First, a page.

The Journal of Organic Chemistry continues to be the premier forum for publishing penetrating, inquisitive, and thorough studies of fundamental organic chemistry—from new reactions, structures, and functions through to their scope, mechanisms, and applications. JOC recently produced two Special Issues that highlight current hot research topics demonstrating those superlatives: "Synthesis of Antibiotics & Related Molecules" and "Organic & Biocompatible Transformations in Aqueous Media."
Natural product synthesis is a cornerstone topic for JOC and has long been critical in antibiotic development. The JOC Special Issue covers total synthesis, biosynthesis, and structure-activity relationships of antimicrobial compounds, including the examples shown on the intriguing cover, which depicts the pathogens Antibiotics superstar Kuniaki Tatsuta of Waseda University introduces the issue with a special editorial, "Reconfirmation of 'Art' in Organic Synthesis," along with an editorial by the issue's guest editors, Mohammad Movassaghi of MIT and Wilfred van der Donk of the University of Illinois, Urbana−Champaign. Natural products have long inspired organic chemists to develop new synthetic strategies and methodologies, Movassaghi and van der Donk note, and their societal value cannot be underestimated--the advent of antibiotics from natural sources has fundamentally changed how medicine is practiced. "With the promise of genome mining delivering a large number of new structures to complement a perennially strong discovery effort focused on activity-based screens, it is clear that the future is bright," they write.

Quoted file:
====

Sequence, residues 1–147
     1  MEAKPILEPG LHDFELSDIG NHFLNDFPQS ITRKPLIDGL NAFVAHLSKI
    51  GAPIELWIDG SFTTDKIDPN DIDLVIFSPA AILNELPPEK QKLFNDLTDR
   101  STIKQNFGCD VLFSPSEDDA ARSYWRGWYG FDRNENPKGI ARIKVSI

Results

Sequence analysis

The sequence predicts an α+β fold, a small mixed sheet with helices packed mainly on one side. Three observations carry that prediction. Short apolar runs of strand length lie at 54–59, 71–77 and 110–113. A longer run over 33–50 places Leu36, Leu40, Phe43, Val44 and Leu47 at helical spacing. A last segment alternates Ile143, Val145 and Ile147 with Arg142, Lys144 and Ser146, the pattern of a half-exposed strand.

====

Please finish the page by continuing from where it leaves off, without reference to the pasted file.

In an editorial entitled "Chemistry Takes a Bath: Reactions in Aqueous Media," guest editors David Romney and Frances Arnold (yes, the 2018 Nobel Laureate!) of Caltech, Bruce Lipshutz of UC Santa Barbara, and Chao-Jun Li of McGill University introduce the JOC Special issue on chemistry in water. They write that water is usually considered an enemy in organic synthesis, "lurking in the shadows, waiting to reduce yields and destroy reproducibility." But they further point out that organic solvents contribute an unreasonable amount of toxic chemical waste to the environment. Thus, there's been a push to replace reactions run in traditional organic solvents with alternatives that function in aqueous media. In the JOC Special Issue, the articles describe research that reflects a variety of modern advancements, all realized in aqueous media, including asymmetric catalysis, micelle-enabled reactions, electrochemistry, photochemistry, and reactions mediated by enzymes. The enticing cover is meant to encourage the reader to appreciate how beautiful our world is and that with “Chemistry in Water,” following Natureʼs lead, organic synthesis can become a greener discipline and contribute to global sustainability.
Both these JOC Special Issues are chock full of interesting chemistry of historical and modern importance and seem destined to be lasting resources for researchers and students alike.